Today, the target user for one of these sourcing optimization tools is someone with advanced mathematical, technical and domain expertise (e.g., in transportation sourcing) — hardly a common skillset. Unfortunately, this means the benefits of the technology are only accessible to a small subset of the market.

This is why most sourcing optimization tools are limited to scenarios in logistics and freight sourcing. With myriad requirements such as multiple modes of transport (lanes), tariffs, lead times and more to consider, identifying the ideal logistics strategy is far from easy. Thus an effective sourcing optimization needed to be able to apply numerous hard and soft constraints, compare bids across thousands of lanes, and compare various award splits effectively. But as a result of this category specialization, these platforms were not built to address any other scenarios “out of the box.”

Other industries that could benefit from optimization capabilities — like food and beverage, pharma and biotech, and manufacturing — have seen their needs go largely unmet.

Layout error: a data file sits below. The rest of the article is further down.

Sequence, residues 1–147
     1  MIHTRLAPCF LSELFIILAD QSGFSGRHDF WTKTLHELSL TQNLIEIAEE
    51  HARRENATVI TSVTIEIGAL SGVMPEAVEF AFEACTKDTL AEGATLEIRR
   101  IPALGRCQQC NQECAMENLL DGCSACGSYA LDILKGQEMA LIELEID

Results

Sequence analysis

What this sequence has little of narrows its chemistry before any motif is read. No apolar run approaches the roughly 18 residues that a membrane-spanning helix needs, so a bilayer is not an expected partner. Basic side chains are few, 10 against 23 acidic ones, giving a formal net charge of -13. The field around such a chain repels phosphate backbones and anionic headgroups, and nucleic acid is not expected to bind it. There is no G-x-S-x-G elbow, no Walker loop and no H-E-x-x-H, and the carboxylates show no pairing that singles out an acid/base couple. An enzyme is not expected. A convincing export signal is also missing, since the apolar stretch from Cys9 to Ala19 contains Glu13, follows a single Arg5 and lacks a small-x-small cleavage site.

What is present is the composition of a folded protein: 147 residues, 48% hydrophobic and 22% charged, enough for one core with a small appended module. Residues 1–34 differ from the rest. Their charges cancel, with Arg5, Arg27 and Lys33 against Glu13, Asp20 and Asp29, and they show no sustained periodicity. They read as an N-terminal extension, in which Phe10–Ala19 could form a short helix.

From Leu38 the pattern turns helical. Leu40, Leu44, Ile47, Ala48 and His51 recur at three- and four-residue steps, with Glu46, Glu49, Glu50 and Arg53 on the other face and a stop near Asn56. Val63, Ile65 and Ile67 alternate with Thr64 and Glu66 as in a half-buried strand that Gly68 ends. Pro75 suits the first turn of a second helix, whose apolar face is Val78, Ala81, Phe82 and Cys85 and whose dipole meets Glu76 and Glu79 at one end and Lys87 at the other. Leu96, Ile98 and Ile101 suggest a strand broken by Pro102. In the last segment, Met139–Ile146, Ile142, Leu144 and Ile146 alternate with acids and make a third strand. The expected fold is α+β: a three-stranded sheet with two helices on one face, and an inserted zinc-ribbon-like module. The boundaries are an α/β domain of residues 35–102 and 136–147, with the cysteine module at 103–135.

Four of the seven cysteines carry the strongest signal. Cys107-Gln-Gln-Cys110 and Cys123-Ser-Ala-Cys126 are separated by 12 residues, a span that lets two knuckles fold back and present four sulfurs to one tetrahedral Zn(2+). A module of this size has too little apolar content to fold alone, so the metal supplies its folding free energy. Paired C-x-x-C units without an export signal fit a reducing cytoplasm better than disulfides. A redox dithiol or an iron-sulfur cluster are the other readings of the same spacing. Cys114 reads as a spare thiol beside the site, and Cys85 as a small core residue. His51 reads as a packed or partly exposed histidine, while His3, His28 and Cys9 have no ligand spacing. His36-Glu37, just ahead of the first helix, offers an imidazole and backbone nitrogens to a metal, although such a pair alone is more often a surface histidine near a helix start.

Consider, for example, the decisions a manufacturer now grapples with, especially amid globalization:

  • Should a product be produced off-shore or locally?
  • How should various costs (e.g., raw material costs, tariffs, transport costs) be weighted relative to one another?
  • How can we represent the interdependent nature of these costs in the optimization?
  • Taking a step back, should the company manufacture this product at all, or is it simpler to contract a third party?

Decisions like these spin a complex web of conditional logic, which is much easier to task to a sourcing platform than to a human analyst. The demand from the rest of the market exists, but most optimization tools still have not adapted to the needs of other industries.

The Missing Factor: The Human Touch

There’s more to solving this problem, though: A great category manager does not want the tool to make the decision for her. Instead, savvy sourcing pros are looking for a guiding hand, a set of potential solutions to be tweaked further.

It is simply not worth the effort to have an algorithm analyze the most minute factors. Indeed, solution providers are never going to convert every mental sourcing rule into a compute rule. Not all of the nuances that drive sourcing decisions make sense to operationalize, so some of them should remain with the experience and expertise of the individual team members.